Throughout America, infectious diseases are emerging that
we may not be able to cure because bacteria have become
resistant to antibiotics.
Over the last 60 years, effective antibiotics have turned
bacterial infections into treatable conditions, rather than
the life-threatening scourges they once were. The effectiveness
of many life-saving antibiotics is, however, waning.
Health experts have deemed the rise in antibiotic resistance
a public health crisis.
Everyone is at risk from antibiotic-resistant infections,
but children, seniors, and people with weakened immune
systems are particularly vulnerable.
The overuse of antibiotics is to blame. A major source
of this overuse is routine use of antibiotics as feed additives
for livestock and poultry – not to treat disease,
but instead to promote growth and compensate for crowded,
stressful, unsanitary conditions. The Union of Concerned
Scientists estimates that 70% of all antibiotics in the
U.S. are used as feed additives for pigs, poultry and cattle.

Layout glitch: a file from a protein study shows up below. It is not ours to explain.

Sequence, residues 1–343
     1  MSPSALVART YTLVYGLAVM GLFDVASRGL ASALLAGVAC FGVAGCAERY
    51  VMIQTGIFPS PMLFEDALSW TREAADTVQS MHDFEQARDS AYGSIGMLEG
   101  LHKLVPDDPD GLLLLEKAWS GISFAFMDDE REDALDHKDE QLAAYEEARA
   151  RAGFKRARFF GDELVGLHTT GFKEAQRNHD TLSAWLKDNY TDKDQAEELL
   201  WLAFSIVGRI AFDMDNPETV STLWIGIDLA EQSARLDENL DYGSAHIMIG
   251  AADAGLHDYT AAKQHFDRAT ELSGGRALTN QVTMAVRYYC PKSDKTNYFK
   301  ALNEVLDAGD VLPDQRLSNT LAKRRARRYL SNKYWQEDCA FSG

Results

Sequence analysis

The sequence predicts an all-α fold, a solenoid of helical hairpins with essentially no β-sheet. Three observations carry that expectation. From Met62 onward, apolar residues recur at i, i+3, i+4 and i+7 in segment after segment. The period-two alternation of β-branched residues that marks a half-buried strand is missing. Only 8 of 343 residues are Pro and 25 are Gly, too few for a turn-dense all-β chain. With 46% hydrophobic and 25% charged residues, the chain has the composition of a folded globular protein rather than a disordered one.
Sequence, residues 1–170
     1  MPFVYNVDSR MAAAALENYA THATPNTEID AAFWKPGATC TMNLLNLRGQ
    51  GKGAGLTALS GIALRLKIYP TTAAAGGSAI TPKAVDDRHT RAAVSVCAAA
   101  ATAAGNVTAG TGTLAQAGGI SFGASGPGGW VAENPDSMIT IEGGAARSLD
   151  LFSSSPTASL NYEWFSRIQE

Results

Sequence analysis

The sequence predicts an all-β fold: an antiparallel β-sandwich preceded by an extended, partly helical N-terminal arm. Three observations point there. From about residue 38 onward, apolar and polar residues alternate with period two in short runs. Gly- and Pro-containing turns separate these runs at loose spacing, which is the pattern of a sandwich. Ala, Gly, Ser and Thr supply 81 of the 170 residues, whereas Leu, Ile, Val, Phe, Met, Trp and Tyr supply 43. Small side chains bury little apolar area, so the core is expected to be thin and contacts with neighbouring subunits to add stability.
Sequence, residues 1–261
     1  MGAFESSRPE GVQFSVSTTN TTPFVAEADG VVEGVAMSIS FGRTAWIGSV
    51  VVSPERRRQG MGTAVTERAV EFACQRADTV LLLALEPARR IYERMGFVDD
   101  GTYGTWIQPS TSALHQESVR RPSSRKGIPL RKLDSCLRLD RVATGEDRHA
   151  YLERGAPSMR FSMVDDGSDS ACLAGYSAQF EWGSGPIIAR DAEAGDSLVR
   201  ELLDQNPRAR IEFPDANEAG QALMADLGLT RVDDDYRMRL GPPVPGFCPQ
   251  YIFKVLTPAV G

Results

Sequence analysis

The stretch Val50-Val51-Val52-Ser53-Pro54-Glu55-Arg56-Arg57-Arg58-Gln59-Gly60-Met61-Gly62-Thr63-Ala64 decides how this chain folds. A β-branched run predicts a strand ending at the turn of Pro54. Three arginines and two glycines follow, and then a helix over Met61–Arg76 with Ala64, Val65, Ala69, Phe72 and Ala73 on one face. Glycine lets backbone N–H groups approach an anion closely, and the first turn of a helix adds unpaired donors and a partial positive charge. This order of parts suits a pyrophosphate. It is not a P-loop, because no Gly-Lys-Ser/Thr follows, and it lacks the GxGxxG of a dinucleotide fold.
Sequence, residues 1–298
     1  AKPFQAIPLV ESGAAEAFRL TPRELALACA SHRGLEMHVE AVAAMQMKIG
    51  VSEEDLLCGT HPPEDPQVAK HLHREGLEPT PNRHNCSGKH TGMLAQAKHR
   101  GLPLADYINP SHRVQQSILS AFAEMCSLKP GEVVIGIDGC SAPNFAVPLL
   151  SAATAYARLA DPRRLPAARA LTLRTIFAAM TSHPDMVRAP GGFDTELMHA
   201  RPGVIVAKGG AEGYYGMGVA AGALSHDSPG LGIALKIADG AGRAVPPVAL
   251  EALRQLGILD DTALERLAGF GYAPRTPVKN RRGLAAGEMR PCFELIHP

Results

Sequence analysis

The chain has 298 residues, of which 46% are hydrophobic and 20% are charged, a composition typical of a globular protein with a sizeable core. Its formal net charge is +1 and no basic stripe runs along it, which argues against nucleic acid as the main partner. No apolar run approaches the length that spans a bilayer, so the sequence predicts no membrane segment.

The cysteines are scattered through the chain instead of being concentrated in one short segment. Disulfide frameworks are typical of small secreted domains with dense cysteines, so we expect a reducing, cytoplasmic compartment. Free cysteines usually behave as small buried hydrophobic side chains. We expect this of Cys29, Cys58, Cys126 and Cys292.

In June 2001, the American
Medical Association went on record opposing the
routine feeding of medically important antibiotics to livestock
and poultry (i.e., "nontherapeutic" use).
Antibiotic use in animal agriculture has been linked
definitively to human bacterial infections resistant
to antibiotics. Mounting evidence suggests that widespread
overuse of agricultural antibiotics also may be contaminating
surface waters and groundwater, including drinking
water sources in many rural areas. Nonetheless, agribusiness
and the pharmaceutical industry are fighting hard to thwart
restrictions on the use of antibiotics in agriculture.
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Last updated 12/04/03